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National signals sensible middle path for health

6 September 2005

Don Brash MP National Party Leader

National signals sensible middle path for health

A National Government will improve the efficiency of the struggling health system, restore accountability so taxpayers know they are getting value for money, and take a sensible middle path on health funding, National Party Leader Don Brash said today in announcing National's health policy in New Plymouth.

"National will focus attention and health funding on the most vulnerable in our society, taking a sensible middle path between a fully universal and a fully targeted primary healthcare system," Dr Brash said.

"National's most immediate priorities in health are the package of moves announced today."

National will:

* Remove the uncertainty around negotiating an inflation adjustment in Aged Care funding with the 21 DHBs. National will ensure the inflation adjustment is passed on to Aged Care providers in a timely way. This will have an initial annual cost of around $24 million, exclusive of GST. National will also commit a further $35 million per year into the Aged Residential Care contract from April 1, 2006 as a second step towards redressing Labour's severe underfunding. National has already committed $19 million per annum to fund homecare workers' travel costs.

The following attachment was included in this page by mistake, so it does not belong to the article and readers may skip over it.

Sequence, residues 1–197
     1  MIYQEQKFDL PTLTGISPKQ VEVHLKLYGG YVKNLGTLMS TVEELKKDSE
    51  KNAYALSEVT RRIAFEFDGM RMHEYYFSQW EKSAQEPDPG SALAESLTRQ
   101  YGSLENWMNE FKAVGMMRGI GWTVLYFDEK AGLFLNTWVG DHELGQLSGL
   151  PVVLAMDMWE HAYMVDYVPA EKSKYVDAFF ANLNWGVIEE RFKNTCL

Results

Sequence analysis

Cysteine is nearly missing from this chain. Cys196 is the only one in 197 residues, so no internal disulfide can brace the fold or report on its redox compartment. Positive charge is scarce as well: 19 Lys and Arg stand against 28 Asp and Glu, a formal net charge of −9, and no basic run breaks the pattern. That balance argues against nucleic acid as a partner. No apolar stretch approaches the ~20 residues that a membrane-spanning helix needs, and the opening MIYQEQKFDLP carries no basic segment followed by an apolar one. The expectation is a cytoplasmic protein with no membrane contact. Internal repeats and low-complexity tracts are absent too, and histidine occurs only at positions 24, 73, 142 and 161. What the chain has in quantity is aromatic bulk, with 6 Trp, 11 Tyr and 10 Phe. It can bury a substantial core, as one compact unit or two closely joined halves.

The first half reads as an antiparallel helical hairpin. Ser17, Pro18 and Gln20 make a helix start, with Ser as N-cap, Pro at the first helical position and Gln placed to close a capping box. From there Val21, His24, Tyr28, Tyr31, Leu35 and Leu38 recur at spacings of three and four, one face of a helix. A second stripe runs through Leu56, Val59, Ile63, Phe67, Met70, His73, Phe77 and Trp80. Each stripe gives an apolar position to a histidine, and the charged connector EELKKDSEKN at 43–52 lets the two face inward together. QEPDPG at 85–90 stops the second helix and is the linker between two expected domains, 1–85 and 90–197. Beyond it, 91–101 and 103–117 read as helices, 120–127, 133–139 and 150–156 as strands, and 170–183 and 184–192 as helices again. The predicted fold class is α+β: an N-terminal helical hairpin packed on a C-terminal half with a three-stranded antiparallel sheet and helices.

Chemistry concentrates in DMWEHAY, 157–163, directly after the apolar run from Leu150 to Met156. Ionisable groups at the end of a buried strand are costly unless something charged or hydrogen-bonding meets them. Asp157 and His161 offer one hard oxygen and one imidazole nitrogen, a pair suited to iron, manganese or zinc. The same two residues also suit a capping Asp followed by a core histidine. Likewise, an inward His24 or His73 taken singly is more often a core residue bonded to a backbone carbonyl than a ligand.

* Commit an additional one-off $100 million three-year package to slash elective surgery waiting lists. The funding will come from the additional $1 billion in revenue projected in the Pre-Election Economic and Fiscal Update and will be contestable between the public and private sectors.

* Boost funding to Pharmac by $75 million over the next three years to expand the availability of new drugs. National will also undertake a review of New Zealand's pharmaceutical policy.

* Retain the PHO system, but step back from the fully universal subsidy system introduced by Labour. National will retain universal doctor visit and prescription subsidies for those under 25 and those 65 and over. But universal subsidies for the rest of the working population will not be rolled out. Of the approximately $180 million annually saved by 2007/08, around $70 million will be returned through increased subsidies to the genuinely needy.

The Community Services Card will be replaced by a new Health Card, with simplified administration, higher qualifying income thresholds, and a boost in the value of the subsidy to $30 per doctor's visit.

"The rest of the approximately $180 million annual savings made from not rolling out universal subsidies by 2007/08 will be spent on expanding the range of subsidised pharmaceuticals, on improved funding of aged care facilities, and on a range of child health, health promotion and disease prevention measures to be announced very shortly," Dr Brash said.


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